Fast Radio Bursts: A Cosmological Conundrum or Why I Finally Left the Galaxy

Jun 01, 2021 - 4:30 pm to 5:30 pm
Speaker
Victoria Kaspi (McGill University) via zoom

Zoom info: https://stanford.zoom.us/j/95013931454?pwd=VkpJRUVtQ1hYVTdNMHJKdXZqSTVC… PW: 746108

Fast Radio Bursts (FRBs) are a newly recognized and puzzling phenomenon consisting of few-millisecond bursts of radio waves coming from cosmological distances.  They are ubiquitous, with all-sky rates of roughly 1000 per day, signaling a not uncommon yet powerful explosion of presently unknown origin.  Recently there has been significant observational progress on understanding FRBs and recognizing their potential as novel cosmological probes, in large part thanks to the Canadian Hydrogen Intensity Mapping Experiment Fast Radio Burst Project (CHIME/FRB).  In this talk I review what is known about FRBs, and describe some of the latest CHIME/FRB results related to FRB origin and distribution in the Universe.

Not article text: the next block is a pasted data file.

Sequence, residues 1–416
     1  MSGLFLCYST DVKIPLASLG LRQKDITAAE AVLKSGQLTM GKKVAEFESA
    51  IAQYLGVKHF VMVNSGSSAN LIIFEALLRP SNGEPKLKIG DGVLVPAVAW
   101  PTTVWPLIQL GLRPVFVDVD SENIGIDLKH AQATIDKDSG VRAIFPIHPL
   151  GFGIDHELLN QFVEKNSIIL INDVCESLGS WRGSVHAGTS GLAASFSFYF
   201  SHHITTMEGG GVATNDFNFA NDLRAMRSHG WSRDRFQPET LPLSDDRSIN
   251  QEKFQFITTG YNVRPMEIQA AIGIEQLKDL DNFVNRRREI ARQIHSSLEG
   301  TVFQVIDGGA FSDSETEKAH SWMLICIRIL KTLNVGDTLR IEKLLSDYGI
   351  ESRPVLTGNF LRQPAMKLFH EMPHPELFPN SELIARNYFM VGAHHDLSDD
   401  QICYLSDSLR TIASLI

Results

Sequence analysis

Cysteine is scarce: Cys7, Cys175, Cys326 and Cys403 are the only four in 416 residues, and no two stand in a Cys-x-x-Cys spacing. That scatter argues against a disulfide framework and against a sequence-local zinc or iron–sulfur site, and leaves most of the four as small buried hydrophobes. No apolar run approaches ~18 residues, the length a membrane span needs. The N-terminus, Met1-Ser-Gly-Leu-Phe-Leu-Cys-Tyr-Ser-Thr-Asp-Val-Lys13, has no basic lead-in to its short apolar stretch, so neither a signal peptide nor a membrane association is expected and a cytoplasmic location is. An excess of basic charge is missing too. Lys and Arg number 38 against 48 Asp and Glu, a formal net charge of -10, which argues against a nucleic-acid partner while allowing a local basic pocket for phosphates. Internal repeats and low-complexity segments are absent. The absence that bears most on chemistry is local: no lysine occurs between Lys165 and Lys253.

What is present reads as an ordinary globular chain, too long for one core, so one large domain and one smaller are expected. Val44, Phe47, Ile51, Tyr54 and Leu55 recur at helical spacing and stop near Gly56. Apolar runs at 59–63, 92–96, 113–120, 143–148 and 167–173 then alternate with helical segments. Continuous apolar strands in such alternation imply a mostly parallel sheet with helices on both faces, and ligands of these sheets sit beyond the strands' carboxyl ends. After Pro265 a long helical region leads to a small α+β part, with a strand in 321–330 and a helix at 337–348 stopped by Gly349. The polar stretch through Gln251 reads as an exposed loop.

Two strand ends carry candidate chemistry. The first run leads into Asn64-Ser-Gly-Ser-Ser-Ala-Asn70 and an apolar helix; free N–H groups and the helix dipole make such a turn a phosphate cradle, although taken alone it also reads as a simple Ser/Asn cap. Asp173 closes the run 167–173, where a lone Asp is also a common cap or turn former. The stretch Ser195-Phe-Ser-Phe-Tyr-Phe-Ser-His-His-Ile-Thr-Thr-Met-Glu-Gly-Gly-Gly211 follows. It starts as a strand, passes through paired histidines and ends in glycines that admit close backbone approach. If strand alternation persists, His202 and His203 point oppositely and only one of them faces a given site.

More information